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Is this an authentic Celestino Farotto?


agpereira
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Hi!

My name is André and I am new around here. I am a professional violinist who is starting an instrument collection.

At a recent auction I was given the chance of buying a violin labeled "Farotto Celestino allievo dello zio Celste fece in Milano l'Anno 1959" for 700€. Thing is, I am not an expert on luthierie whatsoever, so I don't know if this is a copy or not. Could someone with a trained eye clarify it for me? And maybe also let me know if you think this is a good deal?

Appreciate your kindness!

Celestino.jpg

Celestino1.jpg

Celestino2.jpg

Celestino3.jpg

Celestino5.jpg

Edited by agpereira
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Welcome to Maestronet Andre .... there are many, many contributors on this forum that know so much more than I, but the violin you have been offered is very likely not a Celestino Farotti and more possibly a chinese copy ( but it may be a good sounding instrument even so ) and so a price of 700 is not unreasonable. Good luck with your pursuit of an instrument collection :)

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2 hours ago, agpereira said:

Hi!

My name is André and I am new around here. I am a professional violinist who is starting an instrument collection.

At a recent auction I was given the chance of buying a violin labeled "Farotto Celestino allievo dello zio Celste fece in Milano l'Anno 1959" for 700€. Thing is, I am not an expert on luthierie whatsoever, so I don't know if this is a copy or not. Could someone with a trained eye clarify it for me? And maybe also let me know if you think this is a good deal?

Appreciate your kindness!

Celestino.jpg

Celestino1.jpg

Celestino2.jpg

Celestino3.jpg

Celestino5.jpg

Welcome to MN, André! 

IMHO, comparing this with examples from Tarisio as well as prices from Brompton's, even allowing for Farotto's rather "various" productions, there's no real chance that this is authentic.

https://tarisio.com/cozio-archive/browse-the-archive/makers/maker/?Maker_ID=172

https://www.bromptons.co/reference/makers/details/farotto-celestino.html

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1 hour ago, GeorgeH said:

Welcome André,

May I ask what is your goal in starting an instrument collection? Particularly if you are "not an expert on luthierie" or in any specialized area of violin collecting.

Indeed. This looks to be the opposite end of the scale from the quality of instrument any self-respecting professional would use.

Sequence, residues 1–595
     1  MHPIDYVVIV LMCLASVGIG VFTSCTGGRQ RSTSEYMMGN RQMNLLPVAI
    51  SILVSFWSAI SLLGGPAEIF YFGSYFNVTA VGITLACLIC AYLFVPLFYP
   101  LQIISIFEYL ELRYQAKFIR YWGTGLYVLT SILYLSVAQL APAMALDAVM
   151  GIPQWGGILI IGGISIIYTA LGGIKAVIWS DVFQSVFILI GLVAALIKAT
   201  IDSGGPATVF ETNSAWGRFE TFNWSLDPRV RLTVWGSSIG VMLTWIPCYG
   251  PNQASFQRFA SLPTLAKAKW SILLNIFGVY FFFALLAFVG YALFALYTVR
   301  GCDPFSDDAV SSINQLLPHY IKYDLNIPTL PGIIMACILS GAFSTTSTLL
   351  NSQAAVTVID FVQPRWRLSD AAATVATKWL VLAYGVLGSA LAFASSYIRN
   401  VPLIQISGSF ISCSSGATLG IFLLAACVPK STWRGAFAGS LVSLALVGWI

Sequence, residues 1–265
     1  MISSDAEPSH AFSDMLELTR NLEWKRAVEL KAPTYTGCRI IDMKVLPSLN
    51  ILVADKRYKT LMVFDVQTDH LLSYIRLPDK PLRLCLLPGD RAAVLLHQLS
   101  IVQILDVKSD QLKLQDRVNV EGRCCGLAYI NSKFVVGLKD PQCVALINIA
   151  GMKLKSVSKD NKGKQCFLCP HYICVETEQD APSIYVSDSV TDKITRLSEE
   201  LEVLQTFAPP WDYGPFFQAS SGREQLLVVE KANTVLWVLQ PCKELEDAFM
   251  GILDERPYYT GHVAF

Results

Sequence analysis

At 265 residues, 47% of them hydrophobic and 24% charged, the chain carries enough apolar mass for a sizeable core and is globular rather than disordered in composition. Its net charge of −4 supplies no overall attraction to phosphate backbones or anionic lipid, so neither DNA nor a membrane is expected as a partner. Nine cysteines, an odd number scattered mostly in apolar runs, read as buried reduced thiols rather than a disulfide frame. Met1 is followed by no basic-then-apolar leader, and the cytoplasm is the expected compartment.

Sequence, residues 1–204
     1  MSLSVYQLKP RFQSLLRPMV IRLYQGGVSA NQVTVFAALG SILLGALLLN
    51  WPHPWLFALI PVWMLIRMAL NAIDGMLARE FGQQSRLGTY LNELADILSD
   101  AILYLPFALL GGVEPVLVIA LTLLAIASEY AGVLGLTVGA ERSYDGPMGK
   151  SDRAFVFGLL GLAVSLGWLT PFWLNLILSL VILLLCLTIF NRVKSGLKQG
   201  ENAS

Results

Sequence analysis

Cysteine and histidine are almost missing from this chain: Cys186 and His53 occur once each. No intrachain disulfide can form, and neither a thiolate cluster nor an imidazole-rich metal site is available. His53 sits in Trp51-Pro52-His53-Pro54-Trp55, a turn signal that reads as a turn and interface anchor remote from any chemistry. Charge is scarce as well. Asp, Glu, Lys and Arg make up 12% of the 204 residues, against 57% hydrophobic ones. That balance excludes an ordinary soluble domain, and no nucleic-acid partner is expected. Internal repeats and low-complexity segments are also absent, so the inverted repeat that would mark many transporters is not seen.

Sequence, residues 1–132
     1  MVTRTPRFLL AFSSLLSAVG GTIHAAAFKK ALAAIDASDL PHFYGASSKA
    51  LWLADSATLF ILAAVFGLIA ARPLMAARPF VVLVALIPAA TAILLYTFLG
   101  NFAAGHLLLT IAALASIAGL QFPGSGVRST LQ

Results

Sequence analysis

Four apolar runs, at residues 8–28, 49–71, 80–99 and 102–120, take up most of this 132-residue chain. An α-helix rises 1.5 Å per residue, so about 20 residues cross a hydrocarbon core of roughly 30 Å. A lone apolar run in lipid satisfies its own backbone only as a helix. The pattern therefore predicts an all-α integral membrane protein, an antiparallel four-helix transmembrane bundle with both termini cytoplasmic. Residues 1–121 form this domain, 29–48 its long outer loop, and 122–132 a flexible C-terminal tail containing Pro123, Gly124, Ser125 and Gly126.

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2 hours ago, GeorgeH said:

Welcome André,

May I ask what is your goal in starting an instrument collection? Particularly if you are "not an expert on luthierie" or in any specialized area of violin collecting.

Thank you!

Although I am not an expert, I am a young professional who has had the chance to play on very fine instruments while studying in London (Pressenda, Long Pattern Strad, Ceruti, Rota, Hel, etc.). Having returned to my homecountry of Portugal, I would like to start a collection in order to lend good quality instruments to students who don't have the possibility to afford them themselves. Besides, I love the violin, the instrument I play, and finding beautiful and good sounding specimens gives me great pleasure. I don't believe I have to be an expert in luthierie to start a violin collection.

2 hours ago, mysticpaw said:

Welcome to Maestronet Andre .... there are many, many contributors on this forum that know so much more than I, but the violin you have been offered is very likely not a Celestino Farotti and more possibly a chinese copy ( but it may be a good sounding instrument even so ) and so a price of 700 is not unreasonable. Good luck with your pursuit of an instrument collection :)

Well, not having the opportunity to try it before paying for it, I think I will not pay this price for the instrument. Thank you for your help and welcoming message. 

1 hour ago, Violadamore said:

Welcome to MN, André! 

IMHO, comparing this with examples from Tarisio as well as prices from Brompton's, even allowing for Farotto's rather "various" productions, there's no real chance that this is authentic.

https://tarisio.com/cozio-archive/browse-the-archive/makers/maker/?Maker_ID=172

https://www.bromptons.co/reference/makers/details/farotto-celestino.html

Thank you for welcoming me! I appreciate your help. I don't think I will buy this instrument.

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10 hours ago, agpereira said:

I would like to start a collection in order to lend good quality instruments to students who don't have the possibility to afford them themselves. Besides, I love the violin, the instrument I play, and finding beautiful and good sounding specimens gives me great pleasure. I don't believe I have to be an expert in luthierie to start a violin collection.

If I might offer you some advice before you start collecting any violins.
If something is for sale in the public domain at 1/10, or less, of the price it would cost in a good shop, it's a sign to close your wallet, and walk away promptly.

If you wish to make a collection of instruments available for your own students, I would suggest talking to a shop owner, or restorer and take their advice on 120 year old restored German/French  commercial instruments. If you can visit a good shop which stocks good new violins by Gewa or Jay Haide, that are properly set up, you could be pleasantly surprised by what you can get for the price.

Buying rubbish from eBay will never be satisfactory, unless your students will not progress much beyond playing nursery rhymes.
 

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3 hours ago, Wood Butcher said:

Buying rubbish from eBay will never be satisfactory, unless your students will not progress much beyond playing nursery rhymes.

^This. And the key word is "rubbish." There are occasionally some good collectable violins for sale on eBay, but most of the "vintage" and antique violins are rubbish. Different kinds of rubbish, but rubbish none-the-less. Some of it was rubbish from the start, some of it rubbish because of damage (seen and unseen), and some of it rubbish deliberately modified by con-men and thieves to appear valuable.